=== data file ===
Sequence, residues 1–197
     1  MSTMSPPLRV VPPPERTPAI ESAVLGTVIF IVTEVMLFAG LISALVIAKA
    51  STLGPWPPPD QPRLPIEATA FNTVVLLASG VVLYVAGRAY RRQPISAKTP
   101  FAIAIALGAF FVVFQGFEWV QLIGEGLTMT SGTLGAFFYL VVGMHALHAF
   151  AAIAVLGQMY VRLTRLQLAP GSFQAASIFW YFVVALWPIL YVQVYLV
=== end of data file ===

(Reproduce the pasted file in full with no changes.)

Sequence, residues 1–197
     1  MSTMSPPLRV VPPPERTPAI ESAVLGTVIF IVTEVMLFAG LISALVIAKA
    51  STLGPWPPPD QPRLPIEATA FNTVVLLASG VVLYVAGRAY RRQPISAKTP
   101  FAIAIALGAF FVVFQGFEWV QLIGEGLTMT SGTLGAFFYL VVGMHALHAF
   151  AAIAVLGQMY VRLTRLQLAP GSFQAASIFW YFVVALWPIL YVQVYLV